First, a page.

WASHINGTON (AP) — As the White House race shows signs of tightening nationally, President Barack Obama’s campaign is banking on a massive get-out-the-vote operation and state-by-state shades of economic improvement to maintain its apparent polling edge in battlegrounds from Ohio to Virginia. Republican Mitt Romney, re-energized by last week’s debate, is flashing new confidence on the campaign trail and pressing toward the political center on both foreign and domestic issues. But aides have outlined no clear path to winning the 270 Electoral College votes required to gain the White House. “Things are going pretty good,” the usually cautious Romney said Monday with a smile. One month from Election Day, polls show a close race. And with millions of Americans already voting and the potential for game-changing moments diminishing, the candidates have little room for error as they seek to sway a narrow swath of undecided voters. Obama aides acknowledge Romney’s strong turn on the debate stage helped him shift gears from a rocky September. But they also argue that Romney’s momentum was arrested somewhat by a Friday jobs report showing the unemployment rate declined to 7.8 percent, the lowest level of Obama’s presidency. They say the president was thrown during the debate by what they call Romney’s willingness to abandon his previous positions, including his $5 trillion tax cut proposal. In the next debate — and in television advertisements before then — the Democrat and his aides are expected to accuse Romney of lying about his own plans. “It seems pretty clear that their new strategy is basically just call us liars, to descend down into a mud pit and hopefully, with enough mudslinging back and forth and distortion, people will get demoralized and they can win by default,” said Romney running mate Paul Ryan. Both Democrats and Republicans say internal campaign surveys following last week’s debate show Romney has cut into the lead Obama had built up in many key battleground states. But they say Obama still has an advantage in most of the nine or so critical states, including Ohio and Virginia. In a foreign policy speech at Virginia Military Institute in Lexington, Va., on Monday, Romney cast himself as a statesman who would be part of a long, bipartisan tradition of American leadership in the world. He said the U.S. should use its power “wisely, with solemnity and without false pride, but also firmly and actively.” As Obama’s aides worked to poke holes in Romney’s foreign policy address, Obama declared a national monument at the Keene, Calif., home of Latino labor leader Cesar Chavez, the United Farmworkers Union founder who died in 1993. Sure to appeal to some Hispanic voters in swing states, Obama’s move came at the start of a day in which he also was raising political cash at events in San Francisco, as his campaign closed in on $1 billion in donations. The president has more get-out-the-vote offices than Romney in every competitive state; some offices never closed after the 2008 campaign. Democrats say that network helped them register more than 130,000 new voters — most in battleground states in the week before the debate. There are more registered Democrats than Republicans in nearly every competitive state with party registration, including Florida and Nevada. Romney’s team is working hard to chip away at that margin. Democrats have an edge in Iowa, where 62 percent of the 111,000 voters who have cast absentee ballots so far were registered Democrats. Twenty-percent were Republicans and 18 percent were unaffiliated, according to the Iowa secretary of state’s office. If Obama wins Ohio’s 18 electoral votes, Romney would need to win Florida and in all likelihood secure several up-for-grabs states such as Virginia, Iowa, Colorado, New Hampshire and Nevada to take the White House. Obama and Romney will face off again on Oct. 16 in Hempstead, N.Y. in a town hall debate.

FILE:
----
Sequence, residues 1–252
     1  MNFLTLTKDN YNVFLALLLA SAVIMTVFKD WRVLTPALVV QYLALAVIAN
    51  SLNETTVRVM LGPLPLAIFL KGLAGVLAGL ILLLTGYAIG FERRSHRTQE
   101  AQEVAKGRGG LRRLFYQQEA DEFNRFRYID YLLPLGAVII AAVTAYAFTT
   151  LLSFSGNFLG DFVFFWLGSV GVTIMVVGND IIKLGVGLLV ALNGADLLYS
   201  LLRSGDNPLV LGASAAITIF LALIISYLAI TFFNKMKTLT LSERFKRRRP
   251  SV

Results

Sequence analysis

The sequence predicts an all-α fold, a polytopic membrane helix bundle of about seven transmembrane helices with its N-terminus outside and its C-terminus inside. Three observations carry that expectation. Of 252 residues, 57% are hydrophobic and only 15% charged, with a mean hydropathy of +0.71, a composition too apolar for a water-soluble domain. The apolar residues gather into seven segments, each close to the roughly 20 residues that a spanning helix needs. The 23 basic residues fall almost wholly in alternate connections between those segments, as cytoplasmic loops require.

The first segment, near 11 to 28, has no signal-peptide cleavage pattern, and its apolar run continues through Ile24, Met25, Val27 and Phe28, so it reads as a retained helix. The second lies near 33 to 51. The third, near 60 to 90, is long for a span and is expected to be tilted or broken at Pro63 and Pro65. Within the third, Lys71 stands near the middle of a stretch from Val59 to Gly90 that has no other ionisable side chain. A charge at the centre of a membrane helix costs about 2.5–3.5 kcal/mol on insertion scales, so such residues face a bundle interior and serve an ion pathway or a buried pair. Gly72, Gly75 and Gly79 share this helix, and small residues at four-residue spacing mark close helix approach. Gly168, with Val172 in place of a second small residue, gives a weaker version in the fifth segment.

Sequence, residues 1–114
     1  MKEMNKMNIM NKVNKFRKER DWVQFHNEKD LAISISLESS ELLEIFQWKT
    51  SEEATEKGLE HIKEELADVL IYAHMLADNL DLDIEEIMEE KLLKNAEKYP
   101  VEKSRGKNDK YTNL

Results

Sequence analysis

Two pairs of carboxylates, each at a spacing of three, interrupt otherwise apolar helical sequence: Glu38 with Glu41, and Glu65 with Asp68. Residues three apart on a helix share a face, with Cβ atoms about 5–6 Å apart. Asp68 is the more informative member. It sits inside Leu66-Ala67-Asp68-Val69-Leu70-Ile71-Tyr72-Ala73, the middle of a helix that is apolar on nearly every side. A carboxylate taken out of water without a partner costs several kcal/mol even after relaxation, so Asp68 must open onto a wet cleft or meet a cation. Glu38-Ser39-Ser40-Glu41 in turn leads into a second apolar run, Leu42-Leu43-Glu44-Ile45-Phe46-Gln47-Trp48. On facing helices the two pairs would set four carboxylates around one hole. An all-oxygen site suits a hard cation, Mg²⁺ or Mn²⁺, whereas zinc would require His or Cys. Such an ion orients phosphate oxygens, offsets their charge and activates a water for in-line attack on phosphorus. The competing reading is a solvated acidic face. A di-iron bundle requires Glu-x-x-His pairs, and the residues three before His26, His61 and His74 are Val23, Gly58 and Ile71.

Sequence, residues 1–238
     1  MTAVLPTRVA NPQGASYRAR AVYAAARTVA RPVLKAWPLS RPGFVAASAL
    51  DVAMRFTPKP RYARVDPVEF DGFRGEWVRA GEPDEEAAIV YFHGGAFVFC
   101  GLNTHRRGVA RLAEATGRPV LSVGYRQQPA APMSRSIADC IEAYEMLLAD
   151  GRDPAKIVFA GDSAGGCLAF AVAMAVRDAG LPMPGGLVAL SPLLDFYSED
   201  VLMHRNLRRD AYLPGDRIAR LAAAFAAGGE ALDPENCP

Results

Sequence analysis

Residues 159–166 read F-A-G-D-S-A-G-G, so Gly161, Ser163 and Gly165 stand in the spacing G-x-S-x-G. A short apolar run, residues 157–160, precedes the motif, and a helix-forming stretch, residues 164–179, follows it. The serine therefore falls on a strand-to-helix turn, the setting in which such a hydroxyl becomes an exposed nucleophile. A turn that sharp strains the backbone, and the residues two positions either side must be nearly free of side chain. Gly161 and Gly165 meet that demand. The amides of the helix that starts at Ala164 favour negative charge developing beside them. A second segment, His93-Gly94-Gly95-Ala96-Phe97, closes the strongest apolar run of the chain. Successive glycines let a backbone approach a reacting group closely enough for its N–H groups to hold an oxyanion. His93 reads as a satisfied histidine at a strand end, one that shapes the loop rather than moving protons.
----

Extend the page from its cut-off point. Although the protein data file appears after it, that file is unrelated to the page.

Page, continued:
Today is Thursday, Oct. 2, the 275th day of 2014. There are 90 days left in the year.
1864 -- 150 years ago: The ladies have adopted the fashion of wearing representations of insects in the flowers on their bonnets. Some look very natural. 1889 -- 125 years ago: T.F. Cary, former Rock Island alderman, has accepted a position as salesman for a Chicago wallpaper house and plans to move to that city. 1914 -- 100 years ago: Work on the new telephone building on 18th Street between 6th and 7th avenues is progressing rapidly. 1939 -- 75 years ago: Rock Island's new theater at 3rd Avenue and 19th Street will have a name significant of its location. The "Rocket" is scheduled to open Thanksgiving Day. 1964 -- 50 years ago: Two of Rock Island's newest water towers were vandalized last night, including the one at 38th Street and 31st Avenue, where police took five Moline boys into custody about 9 p.m.. 1989 -- 25 years ago: Some of us who live in the Quad-Cities take the Mississippi River for granted, or at least we used to. But the river is not taken for granted by our visitors. And most Quad-Citians are realizing the importance of the river to this area as increased emphasis is placed on tourism.